If you’re on an organised group cycling holiday then you don’t need to take loads of tools and parts with you. The tour company will have tools and pumps and inner tubes and so on.

It is useful to be able to make your own adjustments and tighten things up without having to wait for the tour bus to catch up with you, and this multi tool with just a few essentials is all you need.


I like to take photos, but when your cycling it can be awkward to carry cameras with you. I found a brilliant solution that, for road cycling trips at least, lets me comfortable carry my camera on the bike and have it instantly to hand for catching the action shots.

This is a work of genius.

It makes the camera sit over your shoulder, out of the way and secure, without any bouncing or swinging, and then when you want to take a picture it simply swings up into a natural position. The arm strap means it will not fall off while cycling.

It’s really comfortable, and the only realistic way to carry a camera while you’re on your bike.

I don’t recommend using it all the time, only on road sections and only for those occasions when you want to get some action shots of your fellow cyclists as they pass.

When you’re done, put it back on the bus, but for those quick and short rides between shots, it’s perfect.

I have the original Black Rapid strap, but there are now lots of imitators at lower prices.

There are also some great mounts for go-pro cameras, and the key to getting interesting footage is to have a variety of mounting options.

You can mount them on your cycle helmet, your chest, the handlebars, or the seat post.

When mounting to the bike, make sure it is very tight otherwise the vibration and bouncing will make it move.

This mount is perfect for fastening to handlebars or seat post.


Clothing is obviously a matter of personal preference, but you really should pick up some proper cycling gear. It is made from light, wicking, breathable fabric that ends up being much more comfortable for day-long cycling. I urge you to visit a local cycle store rather than buying online, because fit and comfort is essential. Here’s what should be on your list of what to pack for a cycling holiday:

  • Light, wicking, short-sleeved T
  • Light, softshell long sleeve zip-up with rear pockets
  • Lightweight waterproof jacket
  • Breathable sports socks
  • Arm warmers
  • Padded cycling shorts

A baseball cap is also a good idea to keep the sun off your head and your face when you’re off the bike.

When you’re off the bike

Here’s some of things I’ve learned to be invaluable, either when you stop for lunch or in the hotel at the end of the day.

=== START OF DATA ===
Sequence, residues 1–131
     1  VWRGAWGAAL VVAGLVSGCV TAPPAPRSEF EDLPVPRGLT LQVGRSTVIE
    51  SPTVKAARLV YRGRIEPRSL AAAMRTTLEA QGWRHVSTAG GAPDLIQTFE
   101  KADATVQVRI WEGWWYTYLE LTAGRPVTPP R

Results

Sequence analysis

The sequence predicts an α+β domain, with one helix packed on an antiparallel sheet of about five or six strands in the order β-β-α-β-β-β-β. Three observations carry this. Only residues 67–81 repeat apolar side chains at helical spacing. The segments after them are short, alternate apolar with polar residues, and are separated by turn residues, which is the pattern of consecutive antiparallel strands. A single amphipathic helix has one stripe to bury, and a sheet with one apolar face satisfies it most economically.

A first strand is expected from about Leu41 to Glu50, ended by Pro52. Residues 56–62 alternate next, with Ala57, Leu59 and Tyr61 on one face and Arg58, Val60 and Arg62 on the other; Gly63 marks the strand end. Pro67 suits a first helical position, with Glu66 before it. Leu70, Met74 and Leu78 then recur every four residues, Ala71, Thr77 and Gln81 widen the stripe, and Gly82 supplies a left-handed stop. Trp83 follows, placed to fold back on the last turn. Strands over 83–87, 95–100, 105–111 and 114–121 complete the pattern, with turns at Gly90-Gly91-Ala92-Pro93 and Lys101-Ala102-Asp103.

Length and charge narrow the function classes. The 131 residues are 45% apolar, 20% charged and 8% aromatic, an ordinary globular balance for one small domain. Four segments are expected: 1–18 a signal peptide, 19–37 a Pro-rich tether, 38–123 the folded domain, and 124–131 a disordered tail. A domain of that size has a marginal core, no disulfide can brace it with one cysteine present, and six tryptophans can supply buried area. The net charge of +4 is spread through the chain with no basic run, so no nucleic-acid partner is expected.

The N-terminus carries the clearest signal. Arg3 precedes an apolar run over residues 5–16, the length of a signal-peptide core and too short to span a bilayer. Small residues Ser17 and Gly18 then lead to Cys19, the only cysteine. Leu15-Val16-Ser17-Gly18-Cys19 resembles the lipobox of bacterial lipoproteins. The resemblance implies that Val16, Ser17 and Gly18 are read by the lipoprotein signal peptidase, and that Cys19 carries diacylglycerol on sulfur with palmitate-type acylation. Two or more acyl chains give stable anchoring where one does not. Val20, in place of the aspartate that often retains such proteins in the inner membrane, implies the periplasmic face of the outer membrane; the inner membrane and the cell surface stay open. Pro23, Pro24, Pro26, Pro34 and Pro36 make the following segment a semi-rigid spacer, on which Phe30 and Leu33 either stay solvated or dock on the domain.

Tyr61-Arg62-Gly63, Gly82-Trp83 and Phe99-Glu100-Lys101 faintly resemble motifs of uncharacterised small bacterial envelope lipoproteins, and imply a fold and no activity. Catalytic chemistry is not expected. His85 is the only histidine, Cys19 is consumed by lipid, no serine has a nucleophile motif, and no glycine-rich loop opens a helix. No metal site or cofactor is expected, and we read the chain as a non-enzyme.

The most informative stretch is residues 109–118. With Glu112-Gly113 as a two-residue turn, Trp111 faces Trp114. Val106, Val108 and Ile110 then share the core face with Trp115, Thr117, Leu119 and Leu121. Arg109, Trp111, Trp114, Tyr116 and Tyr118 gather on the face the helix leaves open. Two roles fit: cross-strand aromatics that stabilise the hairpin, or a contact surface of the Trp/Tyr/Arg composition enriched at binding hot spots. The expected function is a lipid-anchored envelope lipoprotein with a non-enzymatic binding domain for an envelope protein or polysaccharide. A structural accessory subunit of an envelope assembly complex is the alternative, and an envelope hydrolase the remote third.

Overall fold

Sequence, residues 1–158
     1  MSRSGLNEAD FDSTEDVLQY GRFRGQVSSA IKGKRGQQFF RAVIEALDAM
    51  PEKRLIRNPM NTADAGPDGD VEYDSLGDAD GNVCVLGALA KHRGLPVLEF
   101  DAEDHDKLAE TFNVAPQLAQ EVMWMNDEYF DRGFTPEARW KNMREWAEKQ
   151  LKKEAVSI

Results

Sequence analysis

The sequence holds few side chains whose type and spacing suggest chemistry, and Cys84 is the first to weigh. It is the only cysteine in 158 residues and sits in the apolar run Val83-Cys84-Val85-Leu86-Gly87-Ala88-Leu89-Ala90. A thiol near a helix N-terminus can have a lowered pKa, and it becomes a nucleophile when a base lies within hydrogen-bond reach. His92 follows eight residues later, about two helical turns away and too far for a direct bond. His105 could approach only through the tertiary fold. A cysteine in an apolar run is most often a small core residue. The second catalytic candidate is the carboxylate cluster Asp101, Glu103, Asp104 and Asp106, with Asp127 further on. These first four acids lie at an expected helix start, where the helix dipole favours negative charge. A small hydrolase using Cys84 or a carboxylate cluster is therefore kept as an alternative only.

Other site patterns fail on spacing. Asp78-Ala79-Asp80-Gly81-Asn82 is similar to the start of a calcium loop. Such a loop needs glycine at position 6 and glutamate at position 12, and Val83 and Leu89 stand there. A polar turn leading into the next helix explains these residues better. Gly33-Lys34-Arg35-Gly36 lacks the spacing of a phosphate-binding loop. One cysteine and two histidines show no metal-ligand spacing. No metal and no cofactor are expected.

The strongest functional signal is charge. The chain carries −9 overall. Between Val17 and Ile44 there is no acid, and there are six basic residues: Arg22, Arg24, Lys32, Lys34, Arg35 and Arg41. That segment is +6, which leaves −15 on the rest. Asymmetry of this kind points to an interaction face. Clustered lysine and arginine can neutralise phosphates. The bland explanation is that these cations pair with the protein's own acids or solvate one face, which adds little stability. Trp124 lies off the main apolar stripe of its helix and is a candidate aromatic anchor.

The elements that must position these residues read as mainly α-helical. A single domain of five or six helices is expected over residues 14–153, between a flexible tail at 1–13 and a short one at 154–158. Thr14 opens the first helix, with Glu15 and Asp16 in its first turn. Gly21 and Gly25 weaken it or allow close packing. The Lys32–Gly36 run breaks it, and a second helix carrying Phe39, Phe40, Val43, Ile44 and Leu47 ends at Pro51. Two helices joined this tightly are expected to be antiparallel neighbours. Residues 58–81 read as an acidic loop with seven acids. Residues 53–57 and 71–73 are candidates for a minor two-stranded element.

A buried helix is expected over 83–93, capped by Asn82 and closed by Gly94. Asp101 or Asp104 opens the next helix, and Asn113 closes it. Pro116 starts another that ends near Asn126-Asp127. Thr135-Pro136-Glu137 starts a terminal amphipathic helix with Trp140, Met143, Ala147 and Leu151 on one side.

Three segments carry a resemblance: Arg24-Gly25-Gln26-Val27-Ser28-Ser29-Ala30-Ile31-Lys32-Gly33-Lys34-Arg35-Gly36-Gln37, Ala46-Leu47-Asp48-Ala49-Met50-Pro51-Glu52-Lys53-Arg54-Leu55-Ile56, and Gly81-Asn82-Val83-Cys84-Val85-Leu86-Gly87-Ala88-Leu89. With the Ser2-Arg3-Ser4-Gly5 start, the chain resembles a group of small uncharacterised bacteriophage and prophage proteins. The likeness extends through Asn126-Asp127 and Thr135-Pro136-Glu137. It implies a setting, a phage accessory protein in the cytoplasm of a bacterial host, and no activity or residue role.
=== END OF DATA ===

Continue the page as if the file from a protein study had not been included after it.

When you stop for a snack or for lunch, you need to clean your hands. These ones are brilliant because the individual packets means you can carry just what you need and they don’t dry out.

A waterproof emergency poncho can be a real godsend in a sudden downpour.

Especially in places like Asia where there can be sudden heavy downpours, cheap zip-lock bags are perfect to protect your phone and your wallet.

Ride along in a monsoon burst and even if your phone and wallet is in a zipped pocket, within minutes it will be soaked. Your phone will stop working. All your banknotes will be soggy.

A simple plastic bag is all it takes to keep things dry.

Don’t waste money on branded “Zip-Loc” bags. These generic ones do the job for a fraction of the price.

You might be surprised to see this on a list of what to pack for a cycling holiday, but I don’t travel without them.

The secret to a good night’s sleep in a hotel is earplugs, especially if you’re sharing a room.

Another top tip for a good sleep in a hotel. Even if you’re worn out from day of cycling, light coming through the curtains or under the door can disturb your sleep.

What not to take

Now we’ve covered what to pack for a cycling holiday, here’s what not to pack. You really don’t need these if you’re going on an organised group cycling holiday.

  • Hi-viz
  • Lights
  • Pumps and tubes and patches
  • Bike lock
  • Pannier racks
  • Backpacks or hydration packs other than very small and light ones

Don’t forget

Don’t forget travel insurance, and make sure it covers you for cycling. Most do, but some cheaper policies don’t, and most exclude any racing.

What to pack for a cycling holiday - check list

You can print this section out and tick off as you pack. Don’t forget T-shirts, long sleeve jackets, rain jacket, sports socks, padded shorts, and maybe arm warmers for the downhill sections and mountain passes.